Domain-based Message Authentication, Reporting, and Conformance (DMARC), March 2015
- File formats:
- Updated by:
- RFC 8553, RFC 8616
- M. Kucherawy, Ed.
E. Zwicky, Ed.
Discuss this RFC: Send questions or comments to firstname.lastname@example.org
Domain-based Message Authentication, Reporting, and Conformance (DMARC) is a scalable mechanism by which a mail-originating organization can express domain-level policies and preferences for message validation, disposition, and reporting, that a mail-receiving organization can use to improve mail handling.
Originators of Internet Mail need to be able to associate reliable and authenticated domain identifiers with messages, communicate policies about messages that use those identifiers, and report about mail using those identifiers. These abilities have several benefits: Receivers can provide feedback to Domain Owners about the use of their domains; this feedback can provide valuable insight about the management of internal operations and the presence of external domain name abuse.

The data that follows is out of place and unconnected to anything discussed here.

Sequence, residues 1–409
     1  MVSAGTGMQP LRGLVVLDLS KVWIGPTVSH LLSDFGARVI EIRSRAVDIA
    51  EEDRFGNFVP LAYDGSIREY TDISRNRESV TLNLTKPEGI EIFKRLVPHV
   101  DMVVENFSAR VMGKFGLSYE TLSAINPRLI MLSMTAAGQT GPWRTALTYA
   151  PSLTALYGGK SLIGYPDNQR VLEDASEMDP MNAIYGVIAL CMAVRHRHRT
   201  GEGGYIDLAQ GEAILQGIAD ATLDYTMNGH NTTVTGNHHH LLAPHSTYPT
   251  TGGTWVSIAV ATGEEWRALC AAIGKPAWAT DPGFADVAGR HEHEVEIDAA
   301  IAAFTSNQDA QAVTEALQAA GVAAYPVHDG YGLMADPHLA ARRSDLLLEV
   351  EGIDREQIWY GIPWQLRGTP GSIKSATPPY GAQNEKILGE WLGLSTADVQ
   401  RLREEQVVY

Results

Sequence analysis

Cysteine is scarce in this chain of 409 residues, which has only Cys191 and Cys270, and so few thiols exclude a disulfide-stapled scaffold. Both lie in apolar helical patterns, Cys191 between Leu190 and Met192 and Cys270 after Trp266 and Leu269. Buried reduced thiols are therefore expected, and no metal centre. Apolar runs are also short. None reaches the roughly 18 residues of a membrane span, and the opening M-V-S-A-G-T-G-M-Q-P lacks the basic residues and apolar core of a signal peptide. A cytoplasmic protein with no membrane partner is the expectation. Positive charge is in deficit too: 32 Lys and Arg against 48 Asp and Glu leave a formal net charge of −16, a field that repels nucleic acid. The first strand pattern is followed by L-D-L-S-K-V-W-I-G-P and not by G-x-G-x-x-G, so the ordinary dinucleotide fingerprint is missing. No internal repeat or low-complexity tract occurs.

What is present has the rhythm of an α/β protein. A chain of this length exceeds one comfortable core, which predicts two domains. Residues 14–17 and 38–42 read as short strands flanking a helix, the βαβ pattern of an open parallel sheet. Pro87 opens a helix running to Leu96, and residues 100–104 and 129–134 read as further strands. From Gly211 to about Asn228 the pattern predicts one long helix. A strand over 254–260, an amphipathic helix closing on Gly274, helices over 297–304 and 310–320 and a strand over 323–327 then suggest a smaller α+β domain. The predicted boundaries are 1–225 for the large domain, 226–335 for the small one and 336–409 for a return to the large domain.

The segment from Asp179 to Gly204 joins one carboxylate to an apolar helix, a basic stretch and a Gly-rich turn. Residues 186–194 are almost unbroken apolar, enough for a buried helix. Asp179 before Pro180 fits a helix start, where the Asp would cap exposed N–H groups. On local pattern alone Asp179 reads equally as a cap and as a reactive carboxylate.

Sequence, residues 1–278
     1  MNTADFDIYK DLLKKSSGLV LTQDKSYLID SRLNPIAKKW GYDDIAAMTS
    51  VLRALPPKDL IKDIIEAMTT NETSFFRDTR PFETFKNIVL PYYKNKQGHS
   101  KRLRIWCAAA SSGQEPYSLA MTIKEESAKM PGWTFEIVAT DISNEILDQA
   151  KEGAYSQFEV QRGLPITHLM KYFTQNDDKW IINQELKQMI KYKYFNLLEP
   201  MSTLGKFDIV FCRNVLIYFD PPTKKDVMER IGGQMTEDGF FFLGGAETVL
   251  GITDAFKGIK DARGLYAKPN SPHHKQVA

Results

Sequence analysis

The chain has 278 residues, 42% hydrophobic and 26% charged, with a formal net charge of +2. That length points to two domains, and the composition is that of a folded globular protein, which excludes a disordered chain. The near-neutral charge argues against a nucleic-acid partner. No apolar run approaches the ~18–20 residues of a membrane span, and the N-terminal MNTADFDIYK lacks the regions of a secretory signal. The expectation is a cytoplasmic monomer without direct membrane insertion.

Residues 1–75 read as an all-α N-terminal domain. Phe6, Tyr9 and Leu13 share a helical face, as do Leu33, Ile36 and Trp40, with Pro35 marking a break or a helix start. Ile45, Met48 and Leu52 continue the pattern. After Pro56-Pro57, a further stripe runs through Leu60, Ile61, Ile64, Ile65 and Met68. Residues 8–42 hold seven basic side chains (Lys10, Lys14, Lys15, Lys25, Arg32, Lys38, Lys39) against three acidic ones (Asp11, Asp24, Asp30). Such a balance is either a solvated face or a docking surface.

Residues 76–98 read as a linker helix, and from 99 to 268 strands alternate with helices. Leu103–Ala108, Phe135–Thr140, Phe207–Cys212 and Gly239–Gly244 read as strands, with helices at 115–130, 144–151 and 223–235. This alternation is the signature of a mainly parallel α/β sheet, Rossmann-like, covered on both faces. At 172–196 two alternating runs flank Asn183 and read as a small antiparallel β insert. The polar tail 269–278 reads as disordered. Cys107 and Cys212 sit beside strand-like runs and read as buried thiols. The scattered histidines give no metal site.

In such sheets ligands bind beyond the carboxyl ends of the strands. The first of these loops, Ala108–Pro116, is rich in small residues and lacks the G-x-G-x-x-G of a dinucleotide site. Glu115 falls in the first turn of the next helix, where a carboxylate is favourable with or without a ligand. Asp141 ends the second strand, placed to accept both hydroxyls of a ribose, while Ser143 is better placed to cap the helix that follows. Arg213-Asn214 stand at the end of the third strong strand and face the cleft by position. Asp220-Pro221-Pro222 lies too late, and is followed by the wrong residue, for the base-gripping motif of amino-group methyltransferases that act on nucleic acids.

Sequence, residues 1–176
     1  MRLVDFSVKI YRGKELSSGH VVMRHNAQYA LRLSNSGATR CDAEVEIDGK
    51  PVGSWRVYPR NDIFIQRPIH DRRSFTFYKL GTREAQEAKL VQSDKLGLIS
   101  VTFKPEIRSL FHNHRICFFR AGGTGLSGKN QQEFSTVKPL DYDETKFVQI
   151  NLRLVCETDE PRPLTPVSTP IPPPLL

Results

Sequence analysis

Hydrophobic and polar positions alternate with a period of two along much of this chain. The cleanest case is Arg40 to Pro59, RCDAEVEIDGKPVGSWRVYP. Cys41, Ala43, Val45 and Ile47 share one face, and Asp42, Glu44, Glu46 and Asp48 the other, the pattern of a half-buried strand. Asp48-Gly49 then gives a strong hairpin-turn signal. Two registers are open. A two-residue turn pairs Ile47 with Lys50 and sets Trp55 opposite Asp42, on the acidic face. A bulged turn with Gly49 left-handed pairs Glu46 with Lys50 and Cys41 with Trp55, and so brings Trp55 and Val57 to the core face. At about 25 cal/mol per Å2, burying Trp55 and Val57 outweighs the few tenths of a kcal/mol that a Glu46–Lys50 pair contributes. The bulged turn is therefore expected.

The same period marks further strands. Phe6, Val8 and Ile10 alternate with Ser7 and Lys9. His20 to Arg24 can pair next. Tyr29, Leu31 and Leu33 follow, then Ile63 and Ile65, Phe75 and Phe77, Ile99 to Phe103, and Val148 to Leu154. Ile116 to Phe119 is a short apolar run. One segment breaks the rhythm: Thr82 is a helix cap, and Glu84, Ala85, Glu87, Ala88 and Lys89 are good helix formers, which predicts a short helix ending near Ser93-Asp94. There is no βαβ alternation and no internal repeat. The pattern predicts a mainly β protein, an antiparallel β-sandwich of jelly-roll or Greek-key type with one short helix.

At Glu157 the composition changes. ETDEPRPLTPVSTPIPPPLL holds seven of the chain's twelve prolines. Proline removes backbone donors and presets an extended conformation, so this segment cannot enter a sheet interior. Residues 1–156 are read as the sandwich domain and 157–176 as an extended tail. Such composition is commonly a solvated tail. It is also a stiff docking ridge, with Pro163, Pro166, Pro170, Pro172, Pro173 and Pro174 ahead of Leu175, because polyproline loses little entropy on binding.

DMARC does not produce or encourage elevated delivery privilege of authenticated email. DMARC is a mechanism for policy distribution that enables increasingly strict handling of messages that fail authentication checks, ranging from no action, through altered delivery, up to message rejection.
For the definition of Status, see RFC 2026.
For the definition of Stream, see RFC 4844.